Who should read my book?

by Marissa

Question After I finish my book should I have some of my friends and family read it before I send it to an agent or publisher so I know if it's good or not? 0r should I just send it to an agent or publisher? or does it not really matter?

Answer: Before you send a query letter to an agent or publisher, you want to know your manuscript is the best it can be, because that will improve your chances of making a sale.

Sometimes, we are so close to our work that we don't recognize if something isn't working. With that in mind, it can help to get some feedback from other people who approach it from a different perspective.

Bear in mind, you have to take feedback differently according to who is giving it. Family and friends might be overly kind in some ways. On the other hand, they may not be the ideal audience for your story. And they may not have a lot of expertise in writing.

If they generally like books in your genre and can be honest, they can be a good source of feedback. However, what you want to pay attention to is not what they say about the book as much as how emotionally engaged with the book they become. More engagement is better.

If they don't show much enthusiasm or emotional response, that can be a bad sign. But you must use your judgement. Sometimes people you know can
be jealous or surprised by what you write and that can make them less appear less responsive (for instance, you write a steamy sex scene that turns them on, but they don't want to admit it and they can't believe such graphic thoughts came out of your innocent head because they always thought they were more worldly than you).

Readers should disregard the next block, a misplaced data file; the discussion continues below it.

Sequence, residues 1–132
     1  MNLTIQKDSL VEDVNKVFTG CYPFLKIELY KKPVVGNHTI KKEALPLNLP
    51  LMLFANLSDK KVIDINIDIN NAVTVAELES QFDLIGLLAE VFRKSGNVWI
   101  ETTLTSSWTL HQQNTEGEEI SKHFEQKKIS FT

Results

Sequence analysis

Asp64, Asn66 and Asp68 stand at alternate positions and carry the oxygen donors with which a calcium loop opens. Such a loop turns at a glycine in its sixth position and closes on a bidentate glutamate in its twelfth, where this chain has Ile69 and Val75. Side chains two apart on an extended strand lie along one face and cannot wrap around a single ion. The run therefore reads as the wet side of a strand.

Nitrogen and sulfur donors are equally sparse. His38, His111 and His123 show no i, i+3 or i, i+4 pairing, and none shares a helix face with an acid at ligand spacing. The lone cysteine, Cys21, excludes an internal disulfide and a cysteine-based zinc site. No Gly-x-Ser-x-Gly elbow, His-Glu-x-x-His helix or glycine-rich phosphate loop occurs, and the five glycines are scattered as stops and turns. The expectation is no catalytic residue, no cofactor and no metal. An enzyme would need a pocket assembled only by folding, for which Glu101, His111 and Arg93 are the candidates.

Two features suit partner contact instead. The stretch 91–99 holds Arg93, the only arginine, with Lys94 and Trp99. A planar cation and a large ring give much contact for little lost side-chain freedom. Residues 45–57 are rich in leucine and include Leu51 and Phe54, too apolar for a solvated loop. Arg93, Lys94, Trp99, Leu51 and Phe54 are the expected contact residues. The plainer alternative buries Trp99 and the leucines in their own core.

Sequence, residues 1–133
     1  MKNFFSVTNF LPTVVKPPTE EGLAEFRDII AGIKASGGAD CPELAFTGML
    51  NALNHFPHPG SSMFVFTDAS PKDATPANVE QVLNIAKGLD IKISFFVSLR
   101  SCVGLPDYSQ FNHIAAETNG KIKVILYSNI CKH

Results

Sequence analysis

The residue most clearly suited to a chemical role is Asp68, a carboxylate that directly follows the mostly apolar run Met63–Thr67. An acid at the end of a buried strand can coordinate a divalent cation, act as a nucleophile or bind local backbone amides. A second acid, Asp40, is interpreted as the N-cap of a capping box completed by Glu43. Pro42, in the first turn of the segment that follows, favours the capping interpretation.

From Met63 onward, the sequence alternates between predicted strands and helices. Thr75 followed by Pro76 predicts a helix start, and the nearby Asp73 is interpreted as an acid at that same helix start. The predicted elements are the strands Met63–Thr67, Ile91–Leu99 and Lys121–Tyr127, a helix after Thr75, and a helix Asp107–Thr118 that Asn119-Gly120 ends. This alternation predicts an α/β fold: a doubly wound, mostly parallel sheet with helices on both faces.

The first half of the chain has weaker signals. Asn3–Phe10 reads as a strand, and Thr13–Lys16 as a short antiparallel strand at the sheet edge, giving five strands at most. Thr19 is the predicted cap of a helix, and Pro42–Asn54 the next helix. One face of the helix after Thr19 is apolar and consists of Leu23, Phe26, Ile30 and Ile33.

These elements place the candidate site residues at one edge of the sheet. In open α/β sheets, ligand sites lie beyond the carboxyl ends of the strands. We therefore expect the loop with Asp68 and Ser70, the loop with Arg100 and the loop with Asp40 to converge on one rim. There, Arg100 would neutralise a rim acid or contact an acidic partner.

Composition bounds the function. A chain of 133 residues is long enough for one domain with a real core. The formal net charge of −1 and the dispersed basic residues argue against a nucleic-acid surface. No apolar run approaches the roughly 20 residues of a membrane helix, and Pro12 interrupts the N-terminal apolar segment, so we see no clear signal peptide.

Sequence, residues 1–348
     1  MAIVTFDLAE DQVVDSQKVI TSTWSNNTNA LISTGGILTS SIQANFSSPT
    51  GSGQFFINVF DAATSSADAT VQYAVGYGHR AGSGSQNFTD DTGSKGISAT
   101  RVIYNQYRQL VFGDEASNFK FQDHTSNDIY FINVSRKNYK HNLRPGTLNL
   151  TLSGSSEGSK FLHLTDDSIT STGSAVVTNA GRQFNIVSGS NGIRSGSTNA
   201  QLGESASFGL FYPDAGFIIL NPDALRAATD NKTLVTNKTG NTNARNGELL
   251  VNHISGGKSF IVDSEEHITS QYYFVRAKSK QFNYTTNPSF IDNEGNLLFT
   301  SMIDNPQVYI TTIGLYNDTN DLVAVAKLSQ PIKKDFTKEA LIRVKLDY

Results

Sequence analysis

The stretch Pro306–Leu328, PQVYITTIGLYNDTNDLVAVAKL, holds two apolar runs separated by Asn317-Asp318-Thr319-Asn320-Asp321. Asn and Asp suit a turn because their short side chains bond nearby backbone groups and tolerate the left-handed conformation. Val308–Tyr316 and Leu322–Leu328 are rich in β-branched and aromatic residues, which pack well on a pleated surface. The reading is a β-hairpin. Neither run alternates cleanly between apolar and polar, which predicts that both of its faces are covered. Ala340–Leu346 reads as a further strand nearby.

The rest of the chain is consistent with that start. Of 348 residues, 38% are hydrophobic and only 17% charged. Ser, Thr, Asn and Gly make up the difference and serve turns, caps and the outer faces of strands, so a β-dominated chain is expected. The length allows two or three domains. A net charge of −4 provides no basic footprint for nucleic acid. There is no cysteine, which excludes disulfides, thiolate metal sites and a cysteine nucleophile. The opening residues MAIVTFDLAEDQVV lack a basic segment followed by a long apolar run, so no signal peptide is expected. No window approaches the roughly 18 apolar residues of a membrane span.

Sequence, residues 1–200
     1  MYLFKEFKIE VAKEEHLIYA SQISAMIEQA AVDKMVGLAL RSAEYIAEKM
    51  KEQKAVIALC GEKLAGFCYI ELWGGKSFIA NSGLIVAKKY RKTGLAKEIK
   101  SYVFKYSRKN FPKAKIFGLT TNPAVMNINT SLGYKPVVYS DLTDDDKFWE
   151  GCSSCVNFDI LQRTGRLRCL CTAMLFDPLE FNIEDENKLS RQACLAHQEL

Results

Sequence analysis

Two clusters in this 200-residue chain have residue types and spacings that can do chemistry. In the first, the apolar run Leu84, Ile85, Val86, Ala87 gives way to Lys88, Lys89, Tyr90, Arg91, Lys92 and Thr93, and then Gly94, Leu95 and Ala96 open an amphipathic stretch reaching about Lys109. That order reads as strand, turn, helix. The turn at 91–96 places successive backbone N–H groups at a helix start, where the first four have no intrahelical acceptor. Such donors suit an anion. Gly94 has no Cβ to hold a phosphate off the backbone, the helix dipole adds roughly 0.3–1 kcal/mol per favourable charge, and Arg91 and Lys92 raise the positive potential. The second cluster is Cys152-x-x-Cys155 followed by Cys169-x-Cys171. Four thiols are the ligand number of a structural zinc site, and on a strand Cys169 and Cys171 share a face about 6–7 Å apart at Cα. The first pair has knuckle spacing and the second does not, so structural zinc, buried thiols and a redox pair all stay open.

Also, average readers can usually tell you what they liked about the book, or what parts bored them. But they aren't often good at telling you how to fix problems (even if they think they are). You have to figure out how to improve the story on your own.

An alternative is to show your book to people who have more expertise, such as other writers you know. Sometimes you can get free inexpensive critiques from pros, but you have to hunt around. Conferences, for example, often offer such opportunities. (You can also pay a lot of money for critiques, so be careful.)

A lot of writers find it beneficial to join a writers' critique group where everyone critiques each other's work. Even then, you have to use your own judgment regarding the feedback you get. Some groups are better than others.

At the very least, it can be quite helpful to have a friend who is good at grammar and punctuation proofread your work before you submit it. A fresh set of eyes can often spot simple errors that you don't (because we tend to gloss over our own work).

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